BOBO-DIOULASSO, Burkina Faso — The barren, ruddy ground is pockmarked with holes as far as the eye can see—shallow, bowl-like holes filled with water and deceptively deep holes that drop like an elevator shaft straight down to black pits 50 feet below ground.
Imagine a giant meteor shower that pelts and then scorches the earth to leave nothing but holes and mounded dirt. And this is what you'd have, except that the destruction here comes not from nature but from men, women and children, clawing, digging and scraping for gold.
Here at Fandjora, a small-scale surface mine about 40 kilometers from the provincial capital of Bobo-Dioulasso, more than 1,500 people are working the earth for their tiny share of $1,600-an-ounce gold. Burkina Faso, one of the poorest countries in the world, ranks fourth in Africa in the production of gold. Much of the gold comes from small-scale mines, where untold numbers of children work with their families from dawn to dusk. The International Labor Organization (ILO) estimated in a 2006 report that 30 to 50 percent of the people working in small-scale mines in the African Sahel, which includes Burkina Faso and neighboring Niger, are younger than eighteen. Some as young as 3 work alongside their parents.
Little children squat on the ground filling bowls with dirt and rock. They scamper around the deep pits without even a sideways glance. The sound of scraping and of metal against rock creates a constant din, as workers break up the surface with primitive hand-made hoes and picks. The air is thick with dust that turns dark arms and faces a powdery white. It is hard to breathe this dusty air, but no one wears a mask.
The U.S. Department of Labor and the ILO consider mining one of the worst forms of child labor because of the immediate risks and long-term health problems caused by back-breaking manual labor and exposure to dust, toxic chemicals and heavy metals.
Older boys go down the pits to chip ore from the walls. There are ropes for the buckets of ore but not for the boys, who scramble up and down over timbers, finding footholds and handholds in the dirt walls. A lost grip and the plunge to the bottom is 30 or 40 feet.
The deeper the miners dig, the more narrow and claustrophobic the pits become until the crevices are large enough only for smaller adults or children. The children wear flashlights strapped to their heads as they chink away at the rock, wedged into spaces no larger than a common trash can. They work ceaselessly, their faces blank of all emotion, their eyes dull, even glassy. Their hands are gnarled, calloused and grotesquely large for such small bodies—the hands of 50-year-old men on the bodies of small children. Their hands, as much as their eyes, tell the stories of their hard lives.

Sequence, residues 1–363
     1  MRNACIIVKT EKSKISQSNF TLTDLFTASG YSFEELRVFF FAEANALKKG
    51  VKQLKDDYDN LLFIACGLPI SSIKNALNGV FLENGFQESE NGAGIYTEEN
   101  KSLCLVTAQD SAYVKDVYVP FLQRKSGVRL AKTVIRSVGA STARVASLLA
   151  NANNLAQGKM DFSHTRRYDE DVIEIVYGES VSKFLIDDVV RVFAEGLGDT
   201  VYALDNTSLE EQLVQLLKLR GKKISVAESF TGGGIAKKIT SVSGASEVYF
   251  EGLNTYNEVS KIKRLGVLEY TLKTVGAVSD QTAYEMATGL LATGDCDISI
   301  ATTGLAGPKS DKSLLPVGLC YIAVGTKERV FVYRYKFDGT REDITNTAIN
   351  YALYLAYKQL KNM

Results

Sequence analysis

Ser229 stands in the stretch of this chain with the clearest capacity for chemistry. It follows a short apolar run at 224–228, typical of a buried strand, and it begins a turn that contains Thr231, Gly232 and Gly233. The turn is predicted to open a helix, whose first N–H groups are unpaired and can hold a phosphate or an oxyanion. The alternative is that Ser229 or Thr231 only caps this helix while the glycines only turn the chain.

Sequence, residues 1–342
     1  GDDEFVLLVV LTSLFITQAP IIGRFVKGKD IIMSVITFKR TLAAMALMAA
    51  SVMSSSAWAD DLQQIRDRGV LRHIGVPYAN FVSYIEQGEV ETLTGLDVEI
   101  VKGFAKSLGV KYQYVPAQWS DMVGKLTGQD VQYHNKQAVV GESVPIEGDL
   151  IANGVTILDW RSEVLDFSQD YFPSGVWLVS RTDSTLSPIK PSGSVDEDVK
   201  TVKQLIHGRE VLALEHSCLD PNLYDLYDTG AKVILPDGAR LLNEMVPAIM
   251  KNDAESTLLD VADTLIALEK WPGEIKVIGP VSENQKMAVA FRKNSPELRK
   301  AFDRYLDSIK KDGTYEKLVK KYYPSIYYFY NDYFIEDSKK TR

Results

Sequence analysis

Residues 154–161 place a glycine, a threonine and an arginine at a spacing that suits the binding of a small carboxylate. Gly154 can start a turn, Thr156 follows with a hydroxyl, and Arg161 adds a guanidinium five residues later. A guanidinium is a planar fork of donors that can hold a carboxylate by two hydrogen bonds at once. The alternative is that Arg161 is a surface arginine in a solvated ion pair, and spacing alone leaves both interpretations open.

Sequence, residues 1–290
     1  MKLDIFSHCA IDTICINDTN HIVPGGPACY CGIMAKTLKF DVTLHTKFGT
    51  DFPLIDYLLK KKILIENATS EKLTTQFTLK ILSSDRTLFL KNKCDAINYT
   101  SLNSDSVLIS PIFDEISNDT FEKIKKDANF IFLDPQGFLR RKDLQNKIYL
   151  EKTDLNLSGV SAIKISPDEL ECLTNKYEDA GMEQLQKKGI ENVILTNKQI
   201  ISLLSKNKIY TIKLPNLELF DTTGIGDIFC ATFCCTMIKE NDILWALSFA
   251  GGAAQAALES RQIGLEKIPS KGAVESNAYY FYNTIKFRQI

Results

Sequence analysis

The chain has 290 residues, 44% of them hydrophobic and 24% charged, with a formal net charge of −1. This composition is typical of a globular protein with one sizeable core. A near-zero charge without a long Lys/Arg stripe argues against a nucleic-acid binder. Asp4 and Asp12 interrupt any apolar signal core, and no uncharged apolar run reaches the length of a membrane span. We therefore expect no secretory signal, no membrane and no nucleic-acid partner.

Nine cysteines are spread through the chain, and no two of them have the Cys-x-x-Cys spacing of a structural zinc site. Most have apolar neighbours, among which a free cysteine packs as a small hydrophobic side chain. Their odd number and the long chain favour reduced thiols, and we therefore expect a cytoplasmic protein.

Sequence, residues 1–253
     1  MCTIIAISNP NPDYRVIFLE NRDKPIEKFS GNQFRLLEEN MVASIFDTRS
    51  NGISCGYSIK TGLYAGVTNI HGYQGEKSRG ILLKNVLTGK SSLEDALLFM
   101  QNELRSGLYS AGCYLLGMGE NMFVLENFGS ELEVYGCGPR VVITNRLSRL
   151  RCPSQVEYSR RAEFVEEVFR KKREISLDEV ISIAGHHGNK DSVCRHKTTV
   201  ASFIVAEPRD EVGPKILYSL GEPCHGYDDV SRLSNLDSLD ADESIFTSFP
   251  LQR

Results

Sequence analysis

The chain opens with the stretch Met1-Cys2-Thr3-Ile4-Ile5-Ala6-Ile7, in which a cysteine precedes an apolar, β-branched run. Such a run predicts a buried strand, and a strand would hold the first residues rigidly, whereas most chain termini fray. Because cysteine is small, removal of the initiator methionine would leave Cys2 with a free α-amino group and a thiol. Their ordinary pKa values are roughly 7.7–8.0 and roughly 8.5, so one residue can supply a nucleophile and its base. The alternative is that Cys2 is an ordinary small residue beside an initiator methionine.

At midday, the miners break for lunch, usually a bowl of rice and peas and perhaps a little pork, eaten by hand from a communal cooking pot. The children, who have been working since sunup, literally crash and lie down to sleep in the dirt, beside a cook fire, even across a timber in a mine.
After a short break, the digging resumes, to continue until dark. In an established gold field, such as this one, the holes are dug ever closer together. Occasionally, the digging undermines an existing pit and the walls collapse. In January 2013, one miner died and another was seriously injured in a mine near Fofora when their pit caved in.
For the most part, the children are with their parents, doing what they can to contribute to the family's take. Powder, grit, pebbles, rock are all bagged by type and size, weighed and sent on for processing at another site where there is heavy machinery. A foreman records the quantities of material produced by each miner. When the gold is processed and sold, a tiny percentage makes its way back down to the miners and their families, anywhere from about $5 to a princely $40 a day.
The Kouékowéra mine near Gaoua is older and more established than the Fandjora field. The pits are larger and braced with timbers. Mining here supports an entire village.
Karim Sawadogo has come to Kouékowéra with his uncle to work in the gold camp. The boy says that he thinks that he is 9 years old but that he isn't sure. A man nearby overhears and shouts that the boy is 16. Other men chuckle. It is an old joke. Child labor is illegal in Burkina Faso, but in the remote areas, enforcement is spotty.
Karim, like so many of the boys in the gold field, is slight but muscular and no stranger to work. Before the gold camp, he was a goat herder near his home in northern Burkina Faso. He has been to school but only a little. In the camp, he cooks, fetches water and works down in the mines, chipping rocks and filling baskets that are hauled to the top.
Speaking through a translator in his native dialect, Karim smiles when he is asked what he wants to do with his life. "I came here to make money," he says. "My dream is to make enough money, so I don't have to do this anymore."